The barrel on this one is 21″ and change. The overall length is just over 40″. This makes a solid platform for the .30-30 but just know that this is a full-sized gun and not a super-compact carbine.
The Henry Lever Action X is drilled and tapped. It takes Weaver 63B bases. I opted for a one-piece base, as I like that extra rigidity that comes from a monolithic foundation.
The barrel is threaded, too, which gives you the option to add a silencer. The thread pitch on this one is 5/8×24.
The barrel itself has a 1:12 twist. It is a round tapered barrel. All of it, top to bottom, is finished in a deep rich bluing that is held to a functional matte finish.
Under the forend, you’ll find a small section of rail. Above that rail are a couple of M-LOK slots. This combination adds a functionality to the Henry Lever Action X that is rarely seen on lever-actions of any kind and will allow you to customize this however you would like.
And now’s as good a time as any to talk about the polymer stock. While some companies are putting thick acrylic over wood, this is genuine plastic. And that’s not a knock — this type set-up is designed to take any kind of abuse you can throw at it.
Of course, it misses the character that is common in the one-of-a-kind figure often found in Henry’s walnut stocks. Yes, it loses that incredible historic feel, but look at everything you gain with this. This is a gun that is, 100%, designed to be used — not babied.
Odds are, if you’ve read this far in this review, you’re not bothered by the modern twist on the classic lever action. I’m certainly not. There’s a time and a place for both kinds of lever actions, and Henry has both.
Henry Lever Action X Performance
This is where it all comes together. And the Henry Lever Action X delivers. The accuracy is spot on, even though I’m not.
That may deserve a bit of an explanation. For the purpose of this review, I shot Remington Core-Lokt … but I didn’t have a tremendous amount.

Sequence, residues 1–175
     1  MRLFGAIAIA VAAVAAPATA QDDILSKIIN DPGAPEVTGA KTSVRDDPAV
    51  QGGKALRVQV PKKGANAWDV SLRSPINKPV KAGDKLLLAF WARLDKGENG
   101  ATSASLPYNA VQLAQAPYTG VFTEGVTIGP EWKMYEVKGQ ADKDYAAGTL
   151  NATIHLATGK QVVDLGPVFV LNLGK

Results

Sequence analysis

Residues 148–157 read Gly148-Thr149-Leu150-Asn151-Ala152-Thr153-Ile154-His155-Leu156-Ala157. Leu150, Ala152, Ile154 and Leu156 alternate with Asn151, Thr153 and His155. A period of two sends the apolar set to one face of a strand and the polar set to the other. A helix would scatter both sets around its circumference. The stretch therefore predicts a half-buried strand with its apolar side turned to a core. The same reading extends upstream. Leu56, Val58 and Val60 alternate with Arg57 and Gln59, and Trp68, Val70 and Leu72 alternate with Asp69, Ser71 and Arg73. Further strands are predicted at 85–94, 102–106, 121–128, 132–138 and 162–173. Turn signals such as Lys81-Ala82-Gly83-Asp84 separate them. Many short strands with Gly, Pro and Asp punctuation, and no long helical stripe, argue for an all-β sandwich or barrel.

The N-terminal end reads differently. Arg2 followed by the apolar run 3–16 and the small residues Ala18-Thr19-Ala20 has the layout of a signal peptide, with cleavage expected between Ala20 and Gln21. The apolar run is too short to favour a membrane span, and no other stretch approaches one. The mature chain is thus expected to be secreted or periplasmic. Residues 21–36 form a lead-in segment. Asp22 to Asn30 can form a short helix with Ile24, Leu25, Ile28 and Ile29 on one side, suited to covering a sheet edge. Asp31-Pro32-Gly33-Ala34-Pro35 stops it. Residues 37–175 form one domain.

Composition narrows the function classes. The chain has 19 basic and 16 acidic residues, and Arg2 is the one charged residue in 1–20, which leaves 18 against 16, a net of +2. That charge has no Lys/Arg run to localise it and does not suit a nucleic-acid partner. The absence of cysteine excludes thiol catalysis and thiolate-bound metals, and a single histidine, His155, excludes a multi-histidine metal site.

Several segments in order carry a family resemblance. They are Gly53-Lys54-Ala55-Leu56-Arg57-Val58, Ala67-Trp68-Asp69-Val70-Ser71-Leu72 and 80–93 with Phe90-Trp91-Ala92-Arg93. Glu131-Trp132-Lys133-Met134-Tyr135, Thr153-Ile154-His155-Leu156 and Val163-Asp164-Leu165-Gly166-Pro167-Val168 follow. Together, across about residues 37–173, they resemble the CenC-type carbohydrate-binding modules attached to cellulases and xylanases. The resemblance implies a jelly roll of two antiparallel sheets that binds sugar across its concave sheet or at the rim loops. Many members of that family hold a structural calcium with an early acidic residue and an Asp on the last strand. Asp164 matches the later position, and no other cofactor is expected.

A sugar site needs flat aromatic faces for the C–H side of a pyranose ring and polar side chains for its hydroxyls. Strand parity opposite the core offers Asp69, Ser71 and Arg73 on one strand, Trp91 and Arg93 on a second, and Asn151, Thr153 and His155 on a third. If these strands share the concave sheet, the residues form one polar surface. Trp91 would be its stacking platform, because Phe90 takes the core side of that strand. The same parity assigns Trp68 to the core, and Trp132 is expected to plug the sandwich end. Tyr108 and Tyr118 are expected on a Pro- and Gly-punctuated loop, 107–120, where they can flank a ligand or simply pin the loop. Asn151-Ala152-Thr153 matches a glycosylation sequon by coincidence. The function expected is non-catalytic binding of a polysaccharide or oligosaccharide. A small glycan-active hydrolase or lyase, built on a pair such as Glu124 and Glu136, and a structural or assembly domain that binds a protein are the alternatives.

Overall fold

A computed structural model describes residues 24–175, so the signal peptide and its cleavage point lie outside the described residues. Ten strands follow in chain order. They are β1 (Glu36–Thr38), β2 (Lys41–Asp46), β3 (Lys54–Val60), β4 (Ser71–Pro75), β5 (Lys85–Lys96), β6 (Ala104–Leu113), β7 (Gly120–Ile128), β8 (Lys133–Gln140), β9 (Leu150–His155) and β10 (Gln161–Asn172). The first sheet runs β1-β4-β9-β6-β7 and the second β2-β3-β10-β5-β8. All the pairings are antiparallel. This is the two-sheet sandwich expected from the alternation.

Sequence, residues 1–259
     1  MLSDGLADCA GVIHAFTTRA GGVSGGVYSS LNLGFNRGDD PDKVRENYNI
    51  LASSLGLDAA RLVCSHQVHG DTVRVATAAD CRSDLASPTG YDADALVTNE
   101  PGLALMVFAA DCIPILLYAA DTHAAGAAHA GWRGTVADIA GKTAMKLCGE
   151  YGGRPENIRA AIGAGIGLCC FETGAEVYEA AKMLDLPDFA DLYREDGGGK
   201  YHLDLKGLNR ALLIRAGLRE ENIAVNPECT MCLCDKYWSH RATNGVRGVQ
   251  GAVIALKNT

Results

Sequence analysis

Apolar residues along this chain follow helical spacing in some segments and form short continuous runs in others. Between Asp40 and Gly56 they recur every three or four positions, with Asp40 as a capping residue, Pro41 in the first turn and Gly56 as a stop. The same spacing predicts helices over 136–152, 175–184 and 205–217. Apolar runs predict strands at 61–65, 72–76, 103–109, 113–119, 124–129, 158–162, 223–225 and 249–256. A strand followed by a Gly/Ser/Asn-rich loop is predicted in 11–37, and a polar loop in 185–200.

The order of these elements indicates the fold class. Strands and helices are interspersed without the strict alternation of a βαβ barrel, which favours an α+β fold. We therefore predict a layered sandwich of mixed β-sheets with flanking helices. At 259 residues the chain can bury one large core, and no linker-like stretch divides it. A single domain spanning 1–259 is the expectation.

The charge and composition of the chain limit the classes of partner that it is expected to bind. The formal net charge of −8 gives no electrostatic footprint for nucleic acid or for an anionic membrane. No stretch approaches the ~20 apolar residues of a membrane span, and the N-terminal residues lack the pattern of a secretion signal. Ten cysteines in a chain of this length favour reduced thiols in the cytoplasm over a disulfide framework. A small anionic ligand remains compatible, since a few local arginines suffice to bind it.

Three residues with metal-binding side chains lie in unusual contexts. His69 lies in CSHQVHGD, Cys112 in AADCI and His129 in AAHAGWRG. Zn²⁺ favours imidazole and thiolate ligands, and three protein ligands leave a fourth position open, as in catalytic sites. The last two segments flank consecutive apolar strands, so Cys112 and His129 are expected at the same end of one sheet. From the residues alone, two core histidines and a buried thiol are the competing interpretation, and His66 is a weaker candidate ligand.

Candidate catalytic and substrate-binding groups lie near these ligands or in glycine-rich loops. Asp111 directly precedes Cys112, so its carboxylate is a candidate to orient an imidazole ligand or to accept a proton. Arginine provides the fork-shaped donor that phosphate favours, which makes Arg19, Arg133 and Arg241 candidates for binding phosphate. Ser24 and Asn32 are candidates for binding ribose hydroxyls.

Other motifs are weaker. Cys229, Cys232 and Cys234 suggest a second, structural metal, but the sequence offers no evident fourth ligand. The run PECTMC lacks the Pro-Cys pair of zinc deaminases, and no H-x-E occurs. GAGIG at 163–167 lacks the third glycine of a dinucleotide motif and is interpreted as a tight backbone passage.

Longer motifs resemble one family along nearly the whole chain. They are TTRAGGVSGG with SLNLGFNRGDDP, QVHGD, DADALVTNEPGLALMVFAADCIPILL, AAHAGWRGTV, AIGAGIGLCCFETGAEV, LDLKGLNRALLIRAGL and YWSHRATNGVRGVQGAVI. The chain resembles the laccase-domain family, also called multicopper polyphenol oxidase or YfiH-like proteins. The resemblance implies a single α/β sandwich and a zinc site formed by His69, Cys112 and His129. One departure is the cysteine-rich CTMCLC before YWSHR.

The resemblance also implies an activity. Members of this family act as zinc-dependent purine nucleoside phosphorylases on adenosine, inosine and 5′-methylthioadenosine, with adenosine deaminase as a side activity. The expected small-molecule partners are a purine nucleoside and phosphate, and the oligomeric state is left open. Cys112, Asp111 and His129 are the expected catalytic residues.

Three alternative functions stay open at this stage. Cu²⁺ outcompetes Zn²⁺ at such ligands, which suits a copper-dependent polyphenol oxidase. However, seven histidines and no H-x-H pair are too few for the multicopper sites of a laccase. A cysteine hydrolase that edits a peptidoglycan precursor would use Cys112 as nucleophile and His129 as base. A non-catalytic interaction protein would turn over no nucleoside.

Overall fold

Maybe you have heard about the state of ammo-availability currently; I’ve not been able to find a box of .30-30 in almost two years. I’d normally run a case through a gun like this for a review, but I didn’t have that luxury.
I even had to borrow some. After I’d run it with the iron sights to my satisfaction, I added the Leupold up top. Once I got it reasonably close, I left it. I could have continued the sight in, but I was literally at the end of the box.
What you see here are the last of the six rounds I had to shoot. So, I burned three on a clean target at 100, and then three on one at 200. And it is what it is.
Henry says the gun is best out to 125 yards. I would confidently take it to 200, easy.
Shooting from the bipod made everything much easier. Everything, that is, except running the lever. You will need to raise the butt to go through the motions.
But otherwise, it is easy enough to do.
There’s a lot to say for this gun. I’m clearly a fan of the concept. I’m also a sucker for a good lever-action.
This gun comes in other calibers, too. While the .30-30 is my choice for what I need here in Arkansas, there is a .45-70 and even a .410 shotshell version. For an even more robust design, the All-Weather guns have a “satin hard chrome plating that’s permanently bonded to the steel underneath.”
There’s an entire other chapter to this, and that’s the current state of politics. There’s no harm in learning how to run one of these guns like a pro. Even though it is black and a bit tricked out, this Henry isn’t likely to scare the sheep. See Henry’s line of lever-action rifles at your nearest dealer, or for more information contact Henry; Tel.: (866) 200-2354; Web: www.henryusa.com